Students behind the petition offered up other suggestions for the district to ease students’ transition back to school, including asking for teachers to scale back workloads, recommending school start a half hour later and urging bus routes to accommodate students who have been displaced.
They simply want the district to put their wellbeing and mental health above all else.
“It’s painful,” Nelson said, “to think that all of your friends are just going through such a hard time.”
“You could just see the red glow of flames”
Julia, a senior at Monarch High School in Louisville, has struggled to cope after fleeing the home she’s lived in for 17 years and losing so many of the possessions that anchored her childhood. The feather collection she inherited from her late grandfather is burned to ashes. So is the necklace her grandmother got at age 16 and gifted to her granddaughter on her 16th birthday.
“That’s all gone,” Julia said.
“Everything that we had that made up our home, we don’t have anymore,” her sister, Jaden, a sophomore at Centaurus High School, said. “So when we do move into a rental, we won’t have any of the memories.”
Julia has also struggled to sleep the past few days, but even when she can sleep, it doesn’t offer her much of an escape. She’s haunted by a recurring nightmare that takes her immediately back inside her house, where she and her sister are trapped as flames jump from a neighbor’s house to theirs.
The vivid dream pulls her back into one of the most traumatic days of her life.
The day started out a good one. Julia, still in her pajamas, prepared quesadillas for lunch in the kitchen as her younger sister got ready to leave for the afternoon with her boyfriend. Upstairs, Jaden began to smell something burning and wondered if Julia’s cooking was to blame. Before she ran down to the kitchen, she noticed how gray it was outside her bedroom window and thought another dust storm might be rolling in.
After Julia received a text from a friend alerting her about a fire headed in their direction, the sisters looked out their front door and were alarmed at how smoky it was.
They called their mother, who was away in Wisconsin and instructed Jaden to race over to a neighbor’s house and ask if they should evacuate. When one neighbor didn’t answer, she popped over to another, barely able to hear or see anything because of deafening winds and ash that clouded her vision and coated her mouth.
She sprinted back to her home after her neighbor agreed to call the police for more information.
“All of a sudden Jaden is barreling like up the stairs toward me and she’s screaming and I look outside the window and I can see my neighbor’s house on fire,” said Julia, who had been scurrying around trying to collect birth certificates, health insurance cards and family heirlooms.
Jaden grabbed her arm, insisting they leave. They headed toward their mother’s black Subaru in the garage, where Jaden had already placed their two black pugs, Olive and Lela, and a lab they were dogsitting.
“We didn’t know if we were going to be pulling out into fire, so we were planning on going as fast as possible,” Julia said.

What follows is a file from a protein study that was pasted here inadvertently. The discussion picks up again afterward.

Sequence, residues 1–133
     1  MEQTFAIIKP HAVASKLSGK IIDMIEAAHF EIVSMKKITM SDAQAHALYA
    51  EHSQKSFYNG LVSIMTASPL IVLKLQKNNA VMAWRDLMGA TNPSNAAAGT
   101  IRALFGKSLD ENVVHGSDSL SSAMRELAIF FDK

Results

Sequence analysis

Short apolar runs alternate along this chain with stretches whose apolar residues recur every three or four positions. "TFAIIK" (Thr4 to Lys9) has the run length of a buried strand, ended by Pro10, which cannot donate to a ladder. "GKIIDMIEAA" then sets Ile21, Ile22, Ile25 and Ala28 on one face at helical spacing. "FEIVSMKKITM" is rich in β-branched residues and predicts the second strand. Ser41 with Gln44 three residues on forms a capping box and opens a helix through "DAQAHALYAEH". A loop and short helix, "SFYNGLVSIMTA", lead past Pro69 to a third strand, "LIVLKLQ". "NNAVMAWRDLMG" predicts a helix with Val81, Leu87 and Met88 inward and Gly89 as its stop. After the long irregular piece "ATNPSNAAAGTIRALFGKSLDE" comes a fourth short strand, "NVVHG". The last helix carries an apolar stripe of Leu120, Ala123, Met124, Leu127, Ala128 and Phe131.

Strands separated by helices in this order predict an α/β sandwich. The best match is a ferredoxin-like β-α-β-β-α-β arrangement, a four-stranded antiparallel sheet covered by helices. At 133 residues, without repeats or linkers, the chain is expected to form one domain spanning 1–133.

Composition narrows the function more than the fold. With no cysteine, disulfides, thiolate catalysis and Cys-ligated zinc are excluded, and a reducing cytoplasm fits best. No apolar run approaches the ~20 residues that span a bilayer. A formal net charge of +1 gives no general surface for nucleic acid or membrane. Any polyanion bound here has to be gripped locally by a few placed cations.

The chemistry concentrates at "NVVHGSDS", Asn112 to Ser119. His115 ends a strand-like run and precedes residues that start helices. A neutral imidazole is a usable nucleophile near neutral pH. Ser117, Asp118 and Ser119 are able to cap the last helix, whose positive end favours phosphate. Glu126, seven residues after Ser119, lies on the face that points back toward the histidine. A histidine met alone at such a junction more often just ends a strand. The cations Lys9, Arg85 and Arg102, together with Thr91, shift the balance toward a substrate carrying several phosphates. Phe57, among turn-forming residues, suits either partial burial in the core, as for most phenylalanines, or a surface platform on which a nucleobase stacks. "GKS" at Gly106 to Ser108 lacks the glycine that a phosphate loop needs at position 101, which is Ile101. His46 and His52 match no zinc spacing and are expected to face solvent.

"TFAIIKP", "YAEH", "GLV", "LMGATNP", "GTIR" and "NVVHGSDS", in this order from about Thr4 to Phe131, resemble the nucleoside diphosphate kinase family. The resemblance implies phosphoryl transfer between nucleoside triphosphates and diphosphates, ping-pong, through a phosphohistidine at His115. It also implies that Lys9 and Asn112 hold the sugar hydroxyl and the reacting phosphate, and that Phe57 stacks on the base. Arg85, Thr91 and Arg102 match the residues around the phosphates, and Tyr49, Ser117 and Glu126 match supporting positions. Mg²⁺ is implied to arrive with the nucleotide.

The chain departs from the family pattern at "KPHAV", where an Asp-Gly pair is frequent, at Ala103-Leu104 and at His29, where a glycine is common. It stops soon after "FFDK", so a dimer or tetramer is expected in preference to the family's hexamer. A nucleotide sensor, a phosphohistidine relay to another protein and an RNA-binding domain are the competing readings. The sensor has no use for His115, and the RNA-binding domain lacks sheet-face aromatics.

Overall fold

Instead, they backed out into “pitch black” as firefighters began spraying their neighbor’s home, one Jaden had knocked on just minutes before.
“By the time we got fully out of our neighborhood,” Jaden said, “our house was probably already on fire.”
Their evacuation was slow and dark. Julia could barely see more than 5 feet in front of her, with only the flames lapping up homes around them to light the way.
“You could just see the red glow of flames,” Julia said, as car horns honked and honked to try to prevent collisions.
They sheltered at their aunt’s house in Denver as their mother caught the first flight back.
Jaden clung to hope that her family’s house would still be standing, thinking about the fire hydrant outside her home and the firefighters who battled the inferno. But the next morning, they saw the remnants of their house on the news and their worst fears were confirmed.
For the first couple of nights after the devastating fire, Jaden grappled with guilt, wishing she would have grabbed more, like her stuffed animals. She’s let those thoughts go.
“If we were 2 minutes behind,” she said, “we would have been in our home with our house on fire.”
The sisters, who moved from their aunt’s house to a friend’s home in north Boulder, have realized how close they were to dying in the fire and how much each minute in their escape mattered. On Tuesday afternoon, they started to reunite with some of their neighbors, with whom they are close, at a hotel in south Boulder. They were happy to be able to hug one another, and Julia was relieved to hear a girl she’s babysat laugh.
“That made me feel so grateful, even though our physical things are gone,” she said. “We still have our people.”
They’ve gradually begun to gather essentials they’ll need to reconstruct the rest of their lives — “fuzzy” socks, winter boots, some donated clothes and a sifter they’ll use to comb through the ash that was once their home in search of anything that survived the fire. They’re looking into moving into a rental home next week and hope to rebuild in Superior.
The sisters aren’t quite ready to return to school and likely won’t be for at least another week. Julia is now too afraid to drive again after steering through the dark while coughing on smoke uncontrollably. Meanwhile, everywhere Jaden looks, she’s reminded of how much she lost.
On Friday morning, as she ate a banana, she was suddenly struck by a wave of sadness.
“I remember eating bananas in our kitchen,” Jaden said.
The sisters also catch cruel glimpses of normalcy, when they can forget about their life-and-death situation, if only for a moment, as they goof around and annoy their mother.
They haven’t been able to return to their neighborhood yet, as it remains blocked off, but their family plans to head back in the future with neighbors and dig through the debris to try to find something – anything – that reminds them of their home.
“We’re hoping for that one thing that was like, that is ours and it’s still here,” Jaden said.